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apertura meracato opzioni binarie It’s survival of the most useful when protecting species
Consensus is growing that we are steering towards a sixth mass extinction event. There are calls for increased efforts to stop the accelerating loss of plants and animals. But do we really need to protect all species from global extinction? Over the past decade, ecologists have increasingly replaced the value of biodiversity – the diversity of plants, animals and bacteria – with the concept of “functional diversity”. The best way to understand this concept is to compare it with a familiar, striking equivalent: our cities. Our decision to live in permanent settlements is a success story that is fundamental to the rise of human civilisation. It is based on the partitioning of tasks and professional specialisation, which cohesively provides services to the community. Food, health, security and construction are among the life-blood of cities. Yet all of these professions are inherently diverse and without this diversity the community would soon collapse.
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Former British Prime Minister Gordon Brown has called the deforestation of Sarawak, a sliver of rain forest on the island of Borneo, in Malaysia, “probably the biggest environmental crime of our times.” In his new book Money Logging: On the Trail of the Asian Timber Mafia, Lukas Straumann investigates that crime. Straumann is director of the Bruno Manser Fund, which works to protect tropical rain forests. Speaking from his office in Zurich, Switzerland, Straumann describes the nexus of corruption and weak governance that has allowed Malaysia’s timber barons to destroy much of Sarawak’s rain forest and export that model to other parts of the world, how his organization is using everything from GPS mapping to the courts to help the Penan people of Borneo fight for their homeland, and what we can do to assist them.
Tastylia Order 20 MG Rare shark birth captured on camera A remarkable photograph of the live birth of a thresher shark has cast light on the lives of these elusive, vulnerable fish. The image, taken during a research dive in 2013 and now published in the journal Coral Reefs, is believed to be the first record of a birth in this species. Lead researcher Dr Simon Oliver from the University of Chester told BBC News that this was also “the first record of any oceanic species giving birth”. He added that seeing the image was one of the most exciting moments in his career.
Blind orangutan released into the wild in Indonesia after sight restored
A rescued orangutan whose sight was restored after a ground-breaking operation has been released into the wild with her twin offspring in an Indonesia forest. The formerly blind Gober gave birth to twins after mating with a blind male in captivity at a rescue centre near Medan in North Sumatra. Twins are a rarity for orangutans and unheard-of from two blind parents. This week the mother and four year-old twins, a male and female, were released into Jantho forest in Aceh, one of the regions hit by the 2004 tsunami.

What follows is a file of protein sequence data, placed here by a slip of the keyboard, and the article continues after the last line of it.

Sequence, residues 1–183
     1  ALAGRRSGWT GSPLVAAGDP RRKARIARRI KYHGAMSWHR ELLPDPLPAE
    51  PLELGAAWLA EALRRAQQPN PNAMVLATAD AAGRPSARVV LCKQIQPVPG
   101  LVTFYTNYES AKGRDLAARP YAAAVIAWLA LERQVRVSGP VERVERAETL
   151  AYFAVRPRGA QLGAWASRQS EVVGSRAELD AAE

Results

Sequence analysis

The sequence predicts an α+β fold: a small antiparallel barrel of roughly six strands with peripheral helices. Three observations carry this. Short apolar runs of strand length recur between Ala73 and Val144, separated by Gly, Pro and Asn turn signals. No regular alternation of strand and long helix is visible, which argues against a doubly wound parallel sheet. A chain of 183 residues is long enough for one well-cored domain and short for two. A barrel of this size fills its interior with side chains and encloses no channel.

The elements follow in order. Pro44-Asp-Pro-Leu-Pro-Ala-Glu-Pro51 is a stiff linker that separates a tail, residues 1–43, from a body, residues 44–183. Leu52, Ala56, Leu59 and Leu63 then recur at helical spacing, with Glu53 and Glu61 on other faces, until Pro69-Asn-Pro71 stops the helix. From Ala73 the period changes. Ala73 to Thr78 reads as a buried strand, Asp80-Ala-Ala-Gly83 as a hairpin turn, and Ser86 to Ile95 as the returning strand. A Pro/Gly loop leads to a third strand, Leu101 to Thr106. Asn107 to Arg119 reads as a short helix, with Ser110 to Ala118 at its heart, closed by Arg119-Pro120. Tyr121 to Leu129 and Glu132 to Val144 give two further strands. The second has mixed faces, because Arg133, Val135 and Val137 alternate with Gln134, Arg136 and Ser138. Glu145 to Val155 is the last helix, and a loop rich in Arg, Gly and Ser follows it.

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Social stock exchanges – do we need them?
Public interest in the development of global impact investing received a significant boost last year, due to an international campaign to divest in fossil fuels by superannuation, pension, and university endowment funds. This emerging market (estimated to be worth $650 billion by 2020) aims to connect social enterprises with so-called “impact” investors. An important aspect has been the creation of social stock exchanges. While securities exchanges have been facilitating financial market transactions for centuries, the first social stock exchanges were officially launched only recently. So what are they? Are they working? And do we need them?
Social cost of carbon six times higher than thought – study
The economic damage inflicted by climate change could be six times worse than previously thought, US scientists have warned. The US government takes climate policy decisions on the basis emitting one tonne of carbon dioxide incurs US$37 of social costs. In a study published in Nature Climate Change, researchers from Stanford University reached a figure of US$220 a tonne. These costs may include lower crop yields, harm to human health and infrastructure damage from extreme weather. That implies it could be worth investing in more expensive strategies to cut greenhouse gas emissions, said co-author Delavane Diaz. “If the social cost of carbon is higher, many more mitigation measures will pass a cost-benefit analysis,” she said.